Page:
Milton lost another public servant in 2015 in “Aunt Betty” Cross, a longtime EMT who died after a long battle with breast cancer on June 22, the 17th anniversary of her joining the squad to which she was so dedicated.
A sea of EMTs escorted her to the cemetery, where they signed off her call number for the last time.
Cross was buried in the Milton Village Cemetery, which experienced its own crossing over in October, when it transferred ownership to the town. Since 1860, it was managed by a volunteer commission, which dissolved in September after ongoing maintenance became too expensive.
“We were trying to stay alive,” former commissioner Bob Lombard said, pun probably not intended, “and kept kicking the can down the road.”
The town will next consider how to provide off-hour service to customers, as the commissioners had for so many years.
On a sentimental note, Milton Independent readers also felt the loss of two town characters this year, Tom and Jake Turkey, whose names we bequeathed last fall when readers notified us of two wily birds who made the village their home. Some felt they got a little too comfortable, chasing school children and generally causing traffic disruptions.
The turkeys lived in comfortable captivity until this fall, when they escaped and were subsequently shot, reportedly by a couple teenagers, albeit during hunting season. Up until then, we took the editorial liberty of assigning them personalities, and based on them, publishing parody Q&As. We’ll miss them in 2016.
But this year wasn’t totally about loss; we covered several stories about notable transitions.
First, we welcomed Marcel Choquette and Lynne Manley as new principals at Milton Elementary and Middle School.
We also saluted three Johns – Cushing, Palasik and Mahoney – into retirement. The first John served as Milton’s town clerk and treasurer for 46 years, the second as a Milton police sergeant for nearly 30 years and the third a 28-year social studies teacher in Georgia.
Cushing hasn’t totally disappeared from municipal service, as he now sits on the selectboard. Palasik was the department’s first officer below chief-rank to retire in MPD’s 47-year history. Both men grew up in Milton and love the town they served.
“I could have gone other places, but I came back to Milton,” Palasik told us. “It’s a nice little town. Am I proud of Milton? Absolutely.”
A fourth Jon’s departure didn’t make our pages in 2015, but we’re happy to include former Milton police Cpl. Jon Centabar’s retirement in this wrap-up. Centabar retired this summer after 24 years on the force. He now works for the Vt. Department of Liquor Control.
2015 was a winning year for many.
Milton students proved their varied skills in competitions, including the Junior Iron Chef in April. Milton has a reputation for placing in the annual cooking battle, and this year’s root vegetable empanada with maple adobo sauce impressed judges.
Middle-schoolers also proved they can handle food scraps: In May, their team won a friendly rivalry to throw out less “true trash” and sort compost and recycling. Beating out their elder counterparts, the cohort also decreased their total trash output by 36 percent in a year.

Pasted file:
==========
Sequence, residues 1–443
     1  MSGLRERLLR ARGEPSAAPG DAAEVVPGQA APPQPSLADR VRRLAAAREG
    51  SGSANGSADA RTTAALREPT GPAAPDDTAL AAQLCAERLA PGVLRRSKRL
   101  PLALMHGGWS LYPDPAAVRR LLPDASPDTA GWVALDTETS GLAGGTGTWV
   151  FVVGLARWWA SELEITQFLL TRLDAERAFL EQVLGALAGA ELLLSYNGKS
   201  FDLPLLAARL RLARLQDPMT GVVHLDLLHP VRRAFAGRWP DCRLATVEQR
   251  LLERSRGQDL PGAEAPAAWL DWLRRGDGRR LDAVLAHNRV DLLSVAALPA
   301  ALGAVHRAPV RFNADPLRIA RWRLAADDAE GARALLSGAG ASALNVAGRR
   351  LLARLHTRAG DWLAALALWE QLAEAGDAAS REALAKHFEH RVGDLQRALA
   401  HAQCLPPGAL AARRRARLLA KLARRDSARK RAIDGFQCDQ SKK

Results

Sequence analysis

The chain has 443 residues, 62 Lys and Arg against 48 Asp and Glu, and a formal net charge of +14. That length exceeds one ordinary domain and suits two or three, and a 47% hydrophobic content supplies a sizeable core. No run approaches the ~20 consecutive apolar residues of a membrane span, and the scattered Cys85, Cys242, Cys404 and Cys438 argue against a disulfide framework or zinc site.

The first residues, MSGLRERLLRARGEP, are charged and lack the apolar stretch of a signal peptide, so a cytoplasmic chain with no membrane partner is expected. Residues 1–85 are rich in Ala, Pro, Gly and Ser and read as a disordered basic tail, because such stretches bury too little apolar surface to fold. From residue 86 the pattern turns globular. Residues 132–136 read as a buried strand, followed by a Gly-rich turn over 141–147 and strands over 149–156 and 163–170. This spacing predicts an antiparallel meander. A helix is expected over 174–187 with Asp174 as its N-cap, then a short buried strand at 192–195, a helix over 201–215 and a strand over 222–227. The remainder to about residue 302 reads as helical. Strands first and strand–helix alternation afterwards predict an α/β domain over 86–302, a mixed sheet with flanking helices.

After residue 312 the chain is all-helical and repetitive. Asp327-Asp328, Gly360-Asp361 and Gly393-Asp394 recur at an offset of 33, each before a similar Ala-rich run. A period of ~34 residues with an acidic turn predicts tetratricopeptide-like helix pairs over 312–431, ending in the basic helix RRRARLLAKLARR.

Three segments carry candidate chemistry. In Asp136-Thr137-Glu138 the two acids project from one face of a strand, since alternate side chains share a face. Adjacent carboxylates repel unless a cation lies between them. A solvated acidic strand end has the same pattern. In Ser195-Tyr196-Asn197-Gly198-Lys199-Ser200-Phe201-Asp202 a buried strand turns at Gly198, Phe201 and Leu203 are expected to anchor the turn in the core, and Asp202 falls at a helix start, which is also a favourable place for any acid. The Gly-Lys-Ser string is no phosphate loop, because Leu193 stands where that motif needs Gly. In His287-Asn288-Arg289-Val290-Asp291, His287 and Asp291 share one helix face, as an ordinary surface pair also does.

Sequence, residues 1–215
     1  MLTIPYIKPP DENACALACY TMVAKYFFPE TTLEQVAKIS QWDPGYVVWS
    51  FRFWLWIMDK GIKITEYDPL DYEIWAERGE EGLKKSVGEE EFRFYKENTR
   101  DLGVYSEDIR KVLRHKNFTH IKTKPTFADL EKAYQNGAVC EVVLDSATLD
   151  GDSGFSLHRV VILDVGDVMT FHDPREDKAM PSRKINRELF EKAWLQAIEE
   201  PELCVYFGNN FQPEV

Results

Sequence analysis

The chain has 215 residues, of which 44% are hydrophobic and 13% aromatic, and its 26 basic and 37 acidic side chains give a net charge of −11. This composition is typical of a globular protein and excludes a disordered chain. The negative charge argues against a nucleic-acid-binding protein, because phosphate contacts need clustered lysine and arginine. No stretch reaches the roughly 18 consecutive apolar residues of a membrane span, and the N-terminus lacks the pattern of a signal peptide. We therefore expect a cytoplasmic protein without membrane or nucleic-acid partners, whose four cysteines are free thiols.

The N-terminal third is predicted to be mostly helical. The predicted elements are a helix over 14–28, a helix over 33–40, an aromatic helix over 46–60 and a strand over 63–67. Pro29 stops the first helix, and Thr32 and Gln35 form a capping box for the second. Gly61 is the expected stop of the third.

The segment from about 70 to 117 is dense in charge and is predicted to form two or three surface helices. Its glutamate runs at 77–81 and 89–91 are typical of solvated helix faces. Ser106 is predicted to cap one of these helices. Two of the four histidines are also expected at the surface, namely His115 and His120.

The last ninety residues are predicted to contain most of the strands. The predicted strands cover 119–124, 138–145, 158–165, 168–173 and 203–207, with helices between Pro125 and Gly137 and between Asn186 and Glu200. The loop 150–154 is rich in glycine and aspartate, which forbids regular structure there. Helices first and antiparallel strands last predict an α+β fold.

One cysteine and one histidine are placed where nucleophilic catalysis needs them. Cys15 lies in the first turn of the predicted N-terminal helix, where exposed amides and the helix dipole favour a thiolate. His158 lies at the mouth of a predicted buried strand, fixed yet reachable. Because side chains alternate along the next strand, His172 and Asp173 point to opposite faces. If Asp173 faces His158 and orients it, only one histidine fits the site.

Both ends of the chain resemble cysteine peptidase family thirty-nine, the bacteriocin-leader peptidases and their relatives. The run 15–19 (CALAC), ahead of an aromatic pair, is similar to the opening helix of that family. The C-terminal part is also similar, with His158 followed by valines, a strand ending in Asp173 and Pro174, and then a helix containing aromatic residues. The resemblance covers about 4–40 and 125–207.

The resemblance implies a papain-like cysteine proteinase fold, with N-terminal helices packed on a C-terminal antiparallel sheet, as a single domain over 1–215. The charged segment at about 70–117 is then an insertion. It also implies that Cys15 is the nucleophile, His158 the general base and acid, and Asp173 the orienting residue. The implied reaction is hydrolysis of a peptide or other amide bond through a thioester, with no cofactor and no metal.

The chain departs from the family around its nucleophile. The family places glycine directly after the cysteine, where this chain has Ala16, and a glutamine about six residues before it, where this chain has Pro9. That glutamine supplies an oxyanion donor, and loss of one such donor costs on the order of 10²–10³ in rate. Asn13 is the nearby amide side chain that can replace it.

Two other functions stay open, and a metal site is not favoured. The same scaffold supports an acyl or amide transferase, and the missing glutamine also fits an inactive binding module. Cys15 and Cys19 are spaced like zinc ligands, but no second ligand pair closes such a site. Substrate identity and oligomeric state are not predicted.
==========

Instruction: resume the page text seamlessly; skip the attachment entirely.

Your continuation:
Four Milton High School students were recognized in 2015 for finishing in Vermont Sen. Bernie Sanders’ annual essay contest, which is currently taking submissions.
MHS student-actors also proved their talents with the one-act “Beowulf” in the annual Vermont State Drama Festival in March. Their production made it to New Englands, the fifth time in six years the troupe has earned the honor.
Also in school news, Franklin West Supervisory Union, which includes Georgia, was one of 22 districts nationwide accepted into the Digital Promise League of Innovative Schools, the only New England district recognized this year.
2015 also saw the crowning of the first-ever Milton Community Champions, Ted Beaudoin and Maggie Trayah, who started Milton’s Meals on Wheels Program and coach Special Olympics teams, respectively.
A selectboard-appointed committee chose these two from a handful of nominations submitted by community members. They all received plaques at this year’s National Night Out, an evening of building connections.
A champ of a different nature is David Fortin, whose “Almost Paleo Chili” won Milton Public Library’s second annual chili contest in February, warming up Winter Festival goers. Another contest winner was Rick Wasielewski, who nurtured a 630-pound pumpkin to win Milton Recreation’s giant pumpkin competition in September.
We held a contest of our own at the 3rd Annual Monster Mile, recognizing the best costumes at the Halloween fun run for a cause. A group of 16 dressed as “Wizard of Oz” characters, portraying everyone from Dorothy to the tornado that swept her out of Kansas.
We also raised $1,500 for our cause, Milton Mentors, a Milton Community Youth Coalition program, the highest total in our three years – ahem – running the event.
Another business reached its own milestone this year, too. Milton Family Community Center, a nonprofit that delivers childcare, education, food assistance and more to Milton families and beyond, turned 30.
We spoke to members of MFCC’s Women with Purpose group, which aims to reduce isolation and disparity, and they emotionally relayed how the center’s services have enriched their lives.
“It really makes you feel good,” Vanessa Fleming said of the program’s volunteer opportunities. “I don’t want people to do stuff for me; I want to do stuff for other people.”
It’s that sense of service that defines so many subjects in our stories. We’re happy to bring them to you, week after week.
Merry Christmas, Milton and Georgia! See you in 2016.